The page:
Employers have the right to manage employee conduct that
affects the workplace, including the use of social media. This
includes the right to make policies and set expectations, and
discipline employees for breaching these expectations.
Imagine one of your employees posts one of the following on his
or her personal social media account:
mocking and disparaging statements about supervisors and the
derogatory and racist comments about co-workers;
information about material company activities before they are
invitations to drug dealers to come to the workplace to make a
interesting aspects of confidential company projects; or
"personal details about other individuals in the office.
These examples are all from real cases. The workplace is such a
significant part of our daily lives that employees will often post
about it on their personal social media accounts. As an employer,
what can you do when the post is inappropriate?
Aren't posts on a personal social media account
Not necessarily. Many employees may think that their personal
accounts are private and that they can say anything, even about
Our courts and arbitrators have determined that what employees
write in their social media postings, blogs and emails, even if
initial distribution is limited, can be disseminated and discovered
by the employees may be a factor. However, if it is destructive of
workplace relationships, harmful to the employer or contrary to the
law, it can have consequences for the employee.
Employees owe duties to their employer. These include duties of
loyalty, fidelity and confidentiality. They can extend outside of
the workplace and into social media.
Don't ignore social media – have a policy
Social media can be a powerful tool, for good and bad. As an
employer, you can give some direction to the positive use of social
media and set expectations through a policy.
Employers have the right to manage employee conduct that affects
the workplace, including the use of social media. This includes the
right to make policies and set expectations, and discipline
employees for breaching these expectations.
There are a number of things employers will often consider
including in their social media policies: reminders that employment
duties and company policies apply to cyberspace; setting boundaries
for use during business hours (in one of the cases above, the
employee was posting to Facebook during bathroom
breaks); addressing whether employees are representing the employer
when online; maintaining confidentiality over personal and
corporate information; advising employees that their posts may be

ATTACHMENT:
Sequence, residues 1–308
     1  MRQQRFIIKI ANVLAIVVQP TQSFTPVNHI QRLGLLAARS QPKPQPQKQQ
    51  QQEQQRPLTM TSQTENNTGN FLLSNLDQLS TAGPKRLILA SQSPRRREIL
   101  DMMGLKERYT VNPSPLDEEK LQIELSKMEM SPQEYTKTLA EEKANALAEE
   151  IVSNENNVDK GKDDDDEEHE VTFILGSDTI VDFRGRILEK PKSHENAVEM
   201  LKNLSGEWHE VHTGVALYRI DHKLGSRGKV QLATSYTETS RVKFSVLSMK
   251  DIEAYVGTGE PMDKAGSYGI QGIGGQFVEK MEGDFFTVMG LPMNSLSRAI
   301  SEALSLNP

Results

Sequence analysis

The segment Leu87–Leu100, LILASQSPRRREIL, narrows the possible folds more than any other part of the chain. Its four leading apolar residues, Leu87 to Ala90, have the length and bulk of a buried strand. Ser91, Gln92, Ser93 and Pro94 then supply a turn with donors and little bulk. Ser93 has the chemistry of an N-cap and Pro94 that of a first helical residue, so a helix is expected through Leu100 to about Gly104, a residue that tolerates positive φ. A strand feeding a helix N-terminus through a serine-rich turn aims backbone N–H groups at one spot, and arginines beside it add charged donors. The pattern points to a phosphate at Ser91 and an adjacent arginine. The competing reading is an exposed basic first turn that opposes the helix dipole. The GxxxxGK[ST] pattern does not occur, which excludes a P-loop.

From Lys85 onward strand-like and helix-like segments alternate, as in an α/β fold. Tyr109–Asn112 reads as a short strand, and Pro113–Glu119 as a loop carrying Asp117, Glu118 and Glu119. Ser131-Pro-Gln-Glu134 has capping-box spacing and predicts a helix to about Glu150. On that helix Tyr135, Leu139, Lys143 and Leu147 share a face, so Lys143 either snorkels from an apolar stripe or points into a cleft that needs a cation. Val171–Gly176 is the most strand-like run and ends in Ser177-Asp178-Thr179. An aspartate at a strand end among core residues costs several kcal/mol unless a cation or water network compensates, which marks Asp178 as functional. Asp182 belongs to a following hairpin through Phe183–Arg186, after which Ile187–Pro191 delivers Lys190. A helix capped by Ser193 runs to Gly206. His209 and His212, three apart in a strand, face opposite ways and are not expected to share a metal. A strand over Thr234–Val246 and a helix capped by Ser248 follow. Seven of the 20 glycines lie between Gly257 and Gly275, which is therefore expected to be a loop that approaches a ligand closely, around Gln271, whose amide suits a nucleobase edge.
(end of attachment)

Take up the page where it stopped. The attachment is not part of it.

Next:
monitored and reviewed if appropriate; notifying employees they are
responsible for their activities and may be held accountable; and
warning employees of consequences of inappropriate conduct.
The question of whether an employer can act in response to
social media postings, and the degree of that action, depend on the
facts of each case. There are more and more examples of
inappropriate conduct resulting in significant discipline,
sanctions or termination.
One case involved an employee who made grossly insubordinate,
abusive and intimidating postings about managers that led the
managers to take time off for emotional distress. An arbitrator
upheld the dismissal for cause.
As a result of a Facebook posting by the CEO of
Netflix that viewing "exceeded one billion
hours," the U.S. Securities and Exchange
Commission issued a notice that there was sufficient
wrongdoing to warrant civil claims due to the dissemination of
Finally, an employee of a well-known Canadian company who
tweeted an invitation to drug dealers to visit him at work to
"make a 20-sac chop" changed his account to
"private" only after he was fired.
Employees' social media activities can provide various
benefits like being a valuable promotional vehicle and helping to
gauge workplace satisfaction. A good policy will help employees
understand expectations, and support employer action if the
activity is inappropriate or harmful to the employer or other
employees. If that does not help, employers have rights when
employees cross the line.
Originally published in the Human Resources section of the April
22, 2014 edition of Business in Vancouver.
The content of this article is intended to provide a general
guide to the subject matter. Specialist advice should be sought
about your specific circumstances.
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